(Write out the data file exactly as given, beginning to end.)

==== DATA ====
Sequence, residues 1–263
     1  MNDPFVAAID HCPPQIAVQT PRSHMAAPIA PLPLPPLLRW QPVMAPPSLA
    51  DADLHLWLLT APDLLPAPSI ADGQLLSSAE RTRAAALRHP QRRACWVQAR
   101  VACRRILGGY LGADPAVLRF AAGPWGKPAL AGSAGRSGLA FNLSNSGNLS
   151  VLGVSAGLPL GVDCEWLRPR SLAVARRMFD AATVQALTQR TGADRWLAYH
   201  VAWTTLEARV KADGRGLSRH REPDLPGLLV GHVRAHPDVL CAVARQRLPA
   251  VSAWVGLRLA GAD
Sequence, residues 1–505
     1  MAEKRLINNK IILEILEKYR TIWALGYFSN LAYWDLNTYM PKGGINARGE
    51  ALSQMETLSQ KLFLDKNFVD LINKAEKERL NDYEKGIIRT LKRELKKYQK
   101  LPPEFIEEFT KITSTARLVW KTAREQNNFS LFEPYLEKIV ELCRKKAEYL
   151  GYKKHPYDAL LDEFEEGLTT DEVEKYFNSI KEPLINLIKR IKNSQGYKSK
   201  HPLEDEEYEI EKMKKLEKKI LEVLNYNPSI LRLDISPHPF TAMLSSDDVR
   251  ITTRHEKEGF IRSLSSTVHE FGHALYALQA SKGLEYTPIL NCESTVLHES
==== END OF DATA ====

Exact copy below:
Sequence, residues 1–263
     1  MNDPFVAAID HCPPQIAVQT PRSHMAAPIA PLPLPPLLRW QPVMAPPSLA
    51  DADLHLWLLT APDLLPAPSI ADGQLLSSAE RTRAAALRHP QRRACWVQAR
   101  VACRRILGGY LGADPAVLRF AAGPWGKPAL AGSAGRSGLA FNLSNSGNLS
   151  VLGVSAGLPL GVDCEWLRPR SLAVARRMFD AATVQALTQR TGADRWLAYH
   201  VAWTTLEARV KADGRGLSRH REPDLPGLLV GHVRAHPDVL CAVARQRLPA
   251  VSAWVGLRLA GAD
Sequence, residues 1–505
     1  MAEKRLINNK IILEILEKYR TIWALGYFSN LAYWDLNTYM PKGGINARGE
    51  ALSQMETLSQ KLFLDKNFVD LINKAEKERL NDYEKGIIRT LKRELKKYQK
   101  LPPEFIEEFT KITSTARLVW KTAREQNNFS LFEPYLEKIV ELCRKKAEYL
   151  GYKKHPYDAL LDEFEEGLTT DEVEKYFNSI KEPLINLIKR IKNSQGYKSK
   201  HPLEDEEYEI EKMKKLEKKI LEVLNYNPSI LRLDISPHPF TAMLSSDDVR
   251  ITTRHEKEGF IRSLSSTVHE FGHALYALQA SKGLEYTPIL NCESTVLHES